A Federal Employee Pay Freeze Isn’t The Answer To Any Problem

When I read about the freeze in pay for non-military federal employees earlier this week, I was initially a bit surprised. Plesantly surprised I might add.

At least from what it looked like, it seemed like a token gesture to show that federal employees were going to feel the pain the private sector and other government employees have been feeling for the last several years.

Case closed, right?

When I started to think about the impact that this could have on people I know who are working for the federal government, or who have to recruit for or do HR for the federal government, I imagine that their concerns weren’t lackadaisical like mine were though. In reality, any action the federal government takes with their workforce is going to have broad implications for the rest of us simply because they are so big. And in reality, a pay freeze isn’t going to do much to answer any long term fiscal issues.

Too far or not enough?

On the surface, the two-year pay freeze amounts to peanuts as far as the federal government budget goes. According to the Bureau of Labor Statistics, government employment stands at about 2 million people, the freeze would only save $2 billion (or about $1,000) per employee in the 2011 fiscal year, and about $60 billion over 10 years. That’s a small number and doesn’t go nearly far enough to fix all of the U.S.’s budget woes, but proponents believe it is a step in the right direction. Leaders of government unions have an obviously different point of view and are vowing to fight the legislation during the lame duck session of Congress.

Some say it isn’t enough and point to other problems as covered by Anne Lowrey on Slate. She proposes that the government not just freeze wages, but cut them and send the surplus back to state and local government to spur hiring:

Over the course of the last few years, wages have proved particularly “sticky” for federal workers, who have fared far better than their counterparts in the private sector, state government, and local government. Private companies have shed 7.3 million employees since the recession started in December 2007. States and local governments have also fired hundreds of thousands of workers in the last two years. But federal employment, even discounting employees picked up for the 2010 Census this summer, has grown.

While I agree that the impact of the wage freezes won’t be huge, I don’t know how distributing that money back to state and local governments is going to significantly help. After all, with just the pay freezes, each state would only be given an average of about $40 million. Those are welcome dollars for sure, but not a significant amount of money to spur anything more than a few jobs (and more than likely, some would be lost in the mix and not create any significant growth).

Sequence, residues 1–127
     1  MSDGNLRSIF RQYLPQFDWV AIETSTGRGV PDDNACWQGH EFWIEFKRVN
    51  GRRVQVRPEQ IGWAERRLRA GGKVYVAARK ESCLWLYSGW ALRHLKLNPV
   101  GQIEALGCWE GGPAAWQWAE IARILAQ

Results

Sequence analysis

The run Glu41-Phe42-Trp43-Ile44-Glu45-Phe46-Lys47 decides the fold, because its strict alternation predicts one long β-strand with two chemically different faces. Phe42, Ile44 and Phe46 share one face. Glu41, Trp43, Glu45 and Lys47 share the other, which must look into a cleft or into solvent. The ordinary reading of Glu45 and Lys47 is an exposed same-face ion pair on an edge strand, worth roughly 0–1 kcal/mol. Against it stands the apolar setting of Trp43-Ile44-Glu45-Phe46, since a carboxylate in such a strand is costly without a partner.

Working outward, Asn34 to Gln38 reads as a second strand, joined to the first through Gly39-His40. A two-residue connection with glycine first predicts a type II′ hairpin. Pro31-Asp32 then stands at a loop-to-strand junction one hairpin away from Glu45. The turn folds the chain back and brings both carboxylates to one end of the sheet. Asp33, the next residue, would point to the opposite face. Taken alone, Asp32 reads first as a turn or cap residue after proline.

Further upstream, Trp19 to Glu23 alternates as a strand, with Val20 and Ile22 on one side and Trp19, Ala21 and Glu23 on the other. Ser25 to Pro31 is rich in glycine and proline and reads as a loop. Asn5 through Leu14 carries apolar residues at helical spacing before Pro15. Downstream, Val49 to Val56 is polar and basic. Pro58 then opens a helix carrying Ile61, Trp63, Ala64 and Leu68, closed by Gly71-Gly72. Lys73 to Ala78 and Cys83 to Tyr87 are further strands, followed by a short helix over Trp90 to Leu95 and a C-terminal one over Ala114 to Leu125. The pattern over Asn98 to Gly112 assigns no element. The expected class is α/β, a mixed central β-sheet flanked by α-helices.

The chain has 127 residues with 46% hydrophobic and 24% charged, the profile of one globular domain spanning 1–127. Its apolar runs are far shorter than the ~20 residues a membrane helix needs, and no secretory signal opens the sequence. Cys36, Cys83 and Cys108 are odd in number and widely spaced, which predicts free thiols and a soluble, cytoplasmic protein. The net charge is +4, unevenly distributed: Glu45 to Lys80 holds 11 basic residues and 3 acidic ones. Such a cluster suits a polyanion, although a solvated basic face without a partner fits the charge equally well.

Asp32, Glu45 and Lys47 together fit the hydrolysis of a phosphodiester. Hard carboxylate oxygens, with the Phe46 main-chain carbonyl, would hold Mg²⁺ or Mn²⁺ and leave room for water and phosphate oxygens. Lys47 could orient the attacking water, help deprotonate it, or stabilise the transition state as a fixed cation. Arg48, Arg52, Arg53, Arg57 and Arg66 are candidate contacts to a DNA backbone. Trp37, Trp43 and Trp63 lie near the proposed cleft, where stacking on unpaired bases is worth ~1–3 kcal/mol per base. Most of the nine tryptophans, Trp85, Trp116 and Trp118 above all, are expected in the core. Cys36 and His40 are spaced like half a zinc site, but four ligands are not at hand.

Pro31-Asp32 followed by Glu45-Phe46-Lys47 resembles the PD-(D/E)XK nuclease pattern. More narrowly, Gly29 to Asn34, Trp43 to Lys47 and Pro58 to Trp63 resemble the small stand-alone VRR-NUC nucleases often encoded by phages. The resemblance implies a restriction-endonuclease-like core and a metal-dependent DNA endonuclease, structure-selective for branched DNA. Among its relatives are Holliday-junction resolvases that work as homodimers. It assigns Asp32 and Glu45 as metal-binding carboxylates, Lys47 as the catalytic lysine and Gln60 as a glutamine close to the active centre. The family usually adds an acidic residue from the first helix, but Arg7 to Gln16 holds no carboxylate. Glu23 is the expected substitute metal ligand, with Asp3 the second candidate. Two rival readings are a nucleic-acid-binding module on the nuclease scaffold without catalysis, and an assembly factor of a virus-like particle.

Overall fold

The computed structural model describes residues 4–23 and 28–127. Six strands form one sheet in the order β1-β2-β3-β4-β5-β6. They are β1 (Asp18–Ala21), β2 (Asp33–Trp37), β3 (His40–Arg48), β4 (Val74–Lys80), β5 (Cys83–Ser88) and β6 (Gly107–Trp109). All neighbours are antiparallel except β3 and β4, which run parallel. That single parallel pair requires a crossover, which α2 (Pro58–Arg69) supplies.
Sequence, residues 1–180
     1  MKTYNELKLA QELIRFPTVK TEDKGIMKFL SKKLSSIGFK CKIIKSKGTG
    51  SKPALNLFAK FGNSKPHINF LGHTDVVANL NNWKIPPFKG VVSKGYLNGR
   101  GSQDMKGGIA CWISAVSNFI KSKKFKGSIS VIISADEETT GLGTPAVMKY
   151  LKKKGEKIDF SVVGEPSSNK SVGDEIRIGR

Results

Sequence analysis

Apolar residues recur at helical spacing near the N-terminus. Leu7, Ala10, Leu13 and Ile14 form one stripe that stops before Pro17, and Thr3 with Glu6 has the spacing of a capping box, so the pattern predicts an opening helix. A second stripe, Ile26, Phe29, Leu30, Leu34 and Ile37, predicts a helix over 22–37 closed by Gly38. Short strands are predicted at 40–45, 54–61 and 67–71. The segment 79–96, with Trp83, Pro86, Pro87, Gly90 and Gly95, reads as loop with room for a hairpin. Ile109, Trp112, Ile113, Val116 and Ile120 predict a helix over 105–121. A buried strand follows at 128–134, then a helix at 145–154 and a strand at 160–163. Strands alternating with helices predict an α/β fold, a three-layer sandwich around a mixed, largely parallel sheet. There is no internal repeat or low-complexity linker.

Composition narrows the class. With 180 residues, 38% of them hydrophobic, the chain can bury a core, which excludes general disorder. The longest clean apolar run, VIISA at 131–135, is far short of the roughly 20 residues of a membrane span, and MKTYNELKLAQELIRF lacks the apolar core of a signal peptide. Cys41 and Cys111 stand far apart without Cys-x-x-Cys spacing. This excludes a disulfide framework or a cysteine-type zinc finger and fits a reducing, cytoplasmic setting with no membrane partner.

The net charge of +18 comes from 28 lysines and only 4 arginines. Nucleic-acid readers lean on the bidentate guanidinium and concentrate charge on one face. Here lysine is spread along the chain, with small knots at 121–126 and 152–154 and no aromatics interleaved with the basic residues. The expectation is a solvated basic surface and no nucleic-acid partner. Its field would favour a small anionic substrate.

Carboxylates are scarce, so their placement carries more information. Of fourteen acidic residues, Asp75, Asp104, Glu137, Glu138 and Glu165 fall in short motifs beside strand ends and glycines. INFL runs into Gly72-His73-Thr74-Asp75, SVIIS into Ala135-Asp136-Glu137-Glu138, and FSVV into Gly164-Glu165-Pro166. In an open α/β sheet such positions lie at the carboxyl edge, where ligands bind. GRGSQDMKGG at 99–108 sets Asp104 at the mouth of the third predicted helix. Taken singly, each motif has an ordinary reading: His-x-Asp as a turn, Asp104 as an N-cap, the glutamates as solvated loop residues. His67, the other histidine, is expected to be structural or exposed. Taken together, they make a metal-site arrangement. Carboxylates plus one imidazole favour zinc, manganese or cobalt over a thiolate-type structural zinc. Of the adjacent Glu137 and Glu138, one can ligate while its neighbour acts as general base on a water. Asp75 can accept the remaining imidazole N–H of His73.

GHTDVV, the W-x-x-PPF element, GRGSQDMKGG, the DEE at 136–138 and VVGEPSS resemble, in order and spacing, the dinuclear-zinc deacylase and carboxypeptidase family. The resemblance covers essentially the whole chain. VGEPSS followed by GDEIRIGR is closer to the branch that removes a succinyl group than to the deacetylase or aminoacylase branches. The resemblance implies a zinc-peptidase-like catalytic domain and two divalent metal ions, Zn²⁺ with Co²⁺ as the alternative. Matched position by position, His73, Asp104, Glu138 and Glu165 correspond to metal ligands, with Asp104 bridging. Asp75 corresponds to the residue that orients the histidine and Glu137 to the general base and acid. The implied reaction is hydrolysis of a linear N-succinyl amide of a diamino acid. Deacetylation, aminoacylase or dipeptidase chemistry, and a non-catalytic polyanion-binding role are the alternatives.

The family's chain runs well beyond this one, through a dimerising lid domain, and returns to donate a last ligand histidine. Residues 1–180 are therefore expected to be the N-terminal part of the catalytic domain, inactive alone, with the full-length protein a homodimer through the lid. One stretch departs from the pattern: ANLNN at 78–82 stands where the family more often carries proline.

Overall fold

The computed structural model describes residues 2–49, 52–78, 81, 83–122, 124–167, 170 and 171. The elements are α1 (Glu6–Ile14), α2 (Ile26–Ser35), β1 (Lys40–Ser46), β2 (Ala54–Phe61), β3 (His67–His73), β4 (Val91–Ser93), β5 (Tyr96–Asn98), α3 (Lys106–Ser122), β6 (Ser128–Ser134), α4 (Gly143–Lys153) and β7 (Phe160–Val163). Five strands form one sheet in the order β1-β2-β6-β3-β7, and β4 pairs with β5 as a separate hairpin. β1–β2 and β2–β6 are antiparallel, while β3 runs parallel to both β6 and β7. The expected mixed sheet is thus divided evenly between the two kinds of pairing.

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Recruitment and retention

Of course, there is another issue too. If you’re in charge of recruiting for the federal government, wouldn’t it be fun to tell employees that they won’t be getting a raise for two years? Sure, there is still the ability to move up pay grades and get promotions, but not that knowledge that it will be there like before.

While I think it is only going to turn off a handful of people looking at public servant jobs, it isn’t like things are better in the private sector. Sure, they could say that they are projecting pay increases this year but that doesn’t mean you’ll get it. Things are less assured out in the private side. What it means for federal recruiters is education and a bit of sales. Business as usual if you will.

The bigger issue still isn’t with COLA increases

Even with the concerns of the pay increases being too much or too little, or how it will impact recruiting, there are bigger issues that would be on my plate if I were looking more objectively at compensation in federal employment. Instead of cute political plays that are clean (like across the board pay freezes), I would be looking at out of whack pay grades, employees who need to be re-purposed or laid off, performance issues, and looking at serious cuts in overall payroll (i.e. reducing employees, not simply pay).

Of course, these are unpopular and unfeasible given the current economic and political climate. If the country wants to make real progress towards long term economic health though, token gestures like pay freezes are simply going to be ineffective at best or sending the wrong message at worst.

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